On Nov. 22, Showtime will broadcast Oliver Stone’s new documentary, “JFK Revisited: Through the Looking Glass,” in which the director makes an on-screen pilgrimage to Dealey Plaza. Earlier this month, a faction of adherents to the extremist ideology QAnon descended on the same site in the vain hope that John F. Kennedy and his son would reveal themselves to be alive and ready to right perceived political wrongs by escorting Donald Trump back into the White House. Underlying both pilgrimages was the notion that there are aspects of the Kennedy assassination still hidden, and that those revelations can help us understand and address our current political ills.
Though purportedly based on a preponderance of new evidence, Stone’s documentary treats viewers to a densely detailed, often emphatic, but entirely predictable two-hour argument that will be familiar to anyone who viewed his 1991 feature film “JFK.” These include the idea that Kennedy was killed because Vice President Lyndon B. Johnson and collaborators in the military, defense and intelligence communities sought to profit from a ramped-up war in Vietnam.
The problem with this theory is that it is counterfactual. Despite suggestive evidence of Kennedy’s intention to draw down the number of military advisers in Vietnam, no one can know with certainty whether he would have started an active ground war, as Johnson did. Such thinking fuels conspiracy theories with an entirely unprovable assertion about what might have been.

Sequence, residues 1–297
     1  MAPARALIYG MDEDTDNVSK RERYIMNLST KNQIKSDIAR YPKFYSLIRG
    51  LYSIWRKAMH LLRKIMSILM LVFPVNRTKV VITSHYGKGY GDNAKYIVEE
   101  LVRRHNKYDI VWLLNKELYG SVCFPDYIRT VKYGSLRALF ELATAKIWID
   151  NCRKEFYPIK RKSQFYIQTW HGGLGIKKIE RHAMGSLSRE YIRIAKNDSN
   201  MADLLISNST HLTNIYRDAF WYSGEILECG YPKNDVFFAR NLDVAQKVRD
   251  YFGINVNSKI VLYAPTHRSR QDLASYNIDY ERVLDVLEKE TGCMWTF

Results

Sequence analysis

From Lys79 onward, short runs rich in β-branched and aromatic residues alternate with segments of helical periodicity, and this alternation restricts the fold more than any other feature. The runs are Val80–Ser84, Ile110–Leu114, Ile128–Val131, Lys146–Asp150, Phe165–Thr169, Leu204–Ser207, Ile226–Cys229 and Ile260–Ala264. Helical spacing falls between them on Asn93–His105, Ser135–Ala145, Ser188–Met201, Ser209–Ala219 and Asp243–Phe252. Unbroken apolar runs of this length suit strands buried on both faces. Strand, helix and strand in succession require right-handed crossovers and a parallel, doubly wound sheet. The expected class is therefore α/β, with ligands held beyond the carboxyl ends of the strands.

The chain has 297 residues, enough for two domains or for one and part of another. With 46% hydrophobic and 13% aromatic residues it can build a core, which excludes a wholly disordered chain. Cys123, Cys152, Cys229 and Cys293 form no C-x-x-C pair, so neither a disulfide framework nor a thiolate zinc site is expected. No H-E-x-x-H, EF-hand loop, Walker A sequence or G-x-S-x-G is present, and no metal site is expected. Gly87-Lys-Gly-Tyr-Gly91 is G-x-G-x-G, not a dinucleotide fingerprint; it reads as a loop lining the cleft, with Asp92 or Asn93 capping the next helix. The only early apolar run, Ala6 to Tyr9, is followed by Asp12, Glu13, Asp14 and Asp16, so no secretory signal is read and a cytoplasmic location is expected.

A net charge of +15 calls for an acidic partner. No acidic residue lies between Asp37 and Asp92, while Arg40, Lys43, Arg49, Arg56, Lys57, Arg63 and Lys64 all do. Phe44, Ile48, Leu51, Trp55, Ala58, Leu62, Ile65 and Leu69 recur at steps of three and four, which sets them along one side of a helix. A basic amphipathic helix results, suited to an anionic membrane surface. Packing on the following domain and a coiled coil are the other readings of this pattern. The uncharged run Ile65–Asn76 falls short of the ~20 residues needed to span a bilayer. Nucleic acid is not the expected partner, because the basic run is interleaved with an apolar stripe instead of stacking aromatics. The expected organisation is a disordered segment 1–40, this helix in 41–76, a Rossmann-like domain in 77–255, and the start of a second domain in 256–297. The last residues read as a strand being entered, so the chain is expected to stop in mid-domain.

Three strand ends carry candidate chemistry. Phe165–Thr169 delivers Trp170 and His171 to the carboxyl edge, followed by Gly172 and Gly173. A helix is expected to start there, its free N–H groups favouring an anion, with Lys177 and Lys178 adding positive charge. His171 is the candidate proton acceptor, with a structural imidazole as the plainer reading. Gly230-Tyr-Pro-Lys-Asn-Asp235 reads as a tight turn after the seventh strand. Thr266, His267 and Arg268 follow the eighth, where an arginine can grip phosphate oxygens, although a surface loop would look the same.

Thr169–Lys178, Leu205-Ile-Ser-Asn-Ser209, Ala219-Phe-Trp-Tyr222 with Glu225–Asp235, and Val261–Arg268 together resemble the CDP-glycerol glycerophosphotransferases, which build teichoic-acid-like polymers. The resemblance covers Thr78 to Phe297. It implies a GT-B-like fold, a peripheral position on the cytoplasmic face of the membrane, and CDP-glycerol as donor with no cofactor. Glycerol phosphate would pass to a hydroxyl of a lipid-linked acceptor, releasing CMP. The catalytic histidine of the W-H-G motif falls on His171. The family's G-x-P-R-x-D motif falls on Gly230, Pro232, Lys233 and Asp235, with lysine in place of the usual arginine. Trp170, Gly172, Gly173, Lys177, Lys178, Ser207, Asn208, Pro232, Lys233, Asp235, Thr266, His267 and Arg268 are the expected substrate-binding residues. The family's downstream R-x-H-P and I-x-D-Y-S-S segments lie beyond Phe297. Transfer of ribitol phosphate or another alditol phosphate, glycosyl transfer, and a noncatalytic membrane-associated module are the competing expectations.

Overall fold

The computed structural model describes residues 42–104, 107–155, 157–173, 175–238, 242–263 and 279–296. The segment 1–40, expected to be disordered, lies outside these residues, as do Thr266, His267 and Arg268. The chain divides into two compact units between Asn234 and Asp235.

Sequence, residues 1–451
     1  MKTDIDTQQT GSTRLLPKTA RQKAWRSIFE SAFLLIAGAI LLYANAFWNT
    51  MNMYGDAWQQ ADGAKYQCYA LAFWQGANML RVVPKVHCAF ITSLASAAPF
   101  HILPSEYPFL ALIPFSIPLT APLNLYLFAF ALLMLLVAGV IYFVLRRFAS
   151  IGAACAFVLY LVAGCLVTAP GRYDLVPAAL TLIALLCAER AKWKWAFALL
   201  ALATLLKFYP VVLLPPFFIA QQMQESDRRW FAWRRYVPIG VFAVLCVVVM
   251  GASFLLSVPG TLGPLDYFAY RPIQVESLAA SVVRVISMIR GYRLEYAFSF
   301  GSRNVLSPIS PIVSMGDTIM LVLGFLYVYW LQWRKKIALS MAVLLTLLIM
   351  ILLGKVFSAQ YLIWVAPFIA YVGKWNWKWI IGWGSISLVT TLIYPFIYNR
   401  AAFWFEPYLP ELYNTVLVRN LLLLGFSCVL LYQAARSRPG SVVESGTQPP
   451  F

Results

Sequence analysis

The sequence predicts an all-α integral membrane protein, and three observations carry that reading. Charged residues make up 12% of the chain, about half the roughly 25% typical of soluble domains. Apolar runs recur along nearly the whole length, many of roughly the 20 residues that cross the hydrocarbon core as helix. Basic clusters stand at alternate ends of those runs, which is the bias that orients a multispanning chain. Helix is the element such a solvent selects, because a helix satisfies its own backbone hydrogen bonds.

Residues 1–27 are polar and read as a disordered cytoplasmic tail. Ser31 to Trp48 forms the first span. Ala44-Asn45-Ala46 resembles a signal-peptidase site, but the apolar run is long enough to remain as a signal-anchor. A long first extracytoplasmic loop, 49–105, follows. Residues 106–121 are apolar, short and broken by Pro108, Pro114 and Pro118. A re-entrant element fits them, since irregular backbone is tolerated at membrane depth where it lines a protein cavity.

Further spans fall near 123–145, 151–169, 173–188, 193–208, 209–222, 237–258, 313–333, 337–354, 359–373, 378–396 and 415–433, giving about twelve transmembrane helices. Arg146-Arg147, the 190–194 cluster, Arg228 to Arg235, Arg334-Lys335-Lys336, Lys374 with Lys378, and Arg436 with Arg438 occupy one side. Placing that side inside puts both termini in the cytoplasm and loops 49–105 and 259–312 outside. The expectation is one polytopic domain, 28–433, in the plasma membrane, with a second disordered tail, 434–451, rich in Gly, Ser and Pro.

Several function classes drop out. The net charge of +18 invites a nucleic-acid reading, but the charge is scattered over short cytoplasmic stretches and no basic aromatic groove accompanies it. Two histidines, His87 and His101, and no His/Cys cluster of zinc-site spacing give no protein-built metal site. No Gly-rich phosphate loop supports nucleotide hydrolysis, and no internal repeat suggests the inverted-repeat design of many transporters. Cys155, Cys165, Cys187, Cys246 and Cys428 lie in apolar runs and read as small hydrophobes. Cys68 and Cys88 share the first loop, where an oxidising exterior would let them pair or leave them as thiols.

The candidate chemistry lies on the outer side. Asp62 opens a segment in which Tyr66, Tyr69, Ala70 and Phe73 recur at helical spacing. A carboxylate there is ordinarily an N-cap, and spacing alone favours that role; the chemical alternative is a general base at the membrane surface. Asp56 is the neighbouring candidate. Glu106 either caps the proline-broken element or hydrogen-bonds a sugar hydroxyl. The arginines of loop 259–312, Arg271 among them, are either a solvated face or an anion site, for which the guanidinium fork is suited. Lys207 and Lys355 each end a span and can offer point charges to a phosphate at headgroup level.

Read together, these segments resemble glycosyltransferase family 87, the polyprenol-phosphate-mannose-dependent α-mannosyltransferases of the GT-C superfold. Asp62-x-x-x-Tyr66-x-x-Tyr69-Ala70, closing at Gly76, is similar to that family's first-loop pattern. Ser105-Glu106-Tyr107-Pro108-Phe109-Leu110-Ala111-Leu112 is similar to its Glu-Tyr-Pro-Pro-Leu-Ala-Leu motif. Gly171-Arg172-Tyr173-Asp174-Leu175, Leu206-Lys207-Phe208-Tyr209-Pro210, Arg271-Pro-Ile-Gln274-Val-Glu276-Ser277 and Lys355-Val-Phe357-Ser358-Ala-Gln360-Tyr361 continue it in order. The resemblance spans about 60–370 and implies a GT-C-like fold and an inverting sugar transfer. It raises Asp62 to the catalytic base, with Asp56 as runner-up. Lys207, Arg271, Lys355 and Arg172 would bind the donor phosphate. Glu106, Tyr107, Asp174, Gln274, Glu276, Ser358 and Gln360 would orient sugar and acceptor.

Despite the impressive depth of assassination-related research published since the mid-1960s, most writers and documentarians continue to focus deeply on a relatively narrow set of questions, including whether Lee Harvey Oswald acted as a lone assassin or if a conspiracy lay behind the president’s murder. The question, which has been asked, answered, debated and repeated time and again, is also re-adjudicated in “JFK Revisited.”
Blurring the lines between fact, fiction and pure speculation, the film also distorts our understanding of the historical record, one that is incredibly well documented. In the wake of the President John F. Kennedy Assassination Records Collection Act of 1992 – federal legislation that was spurred by the compelling but largely unverifiable theories Stone presented in “JFK” – Congress created an independent body called the Assassination Records Review Board (ARRB). Over four years, its members reviewed and then succeeded in prying more than 60,000 documents from federal intelligence agencies, declassifying and making them available to researchers at the National Archives facility in Maryland. Today, the JFK Records Act exceeds 5 million documents of various types.
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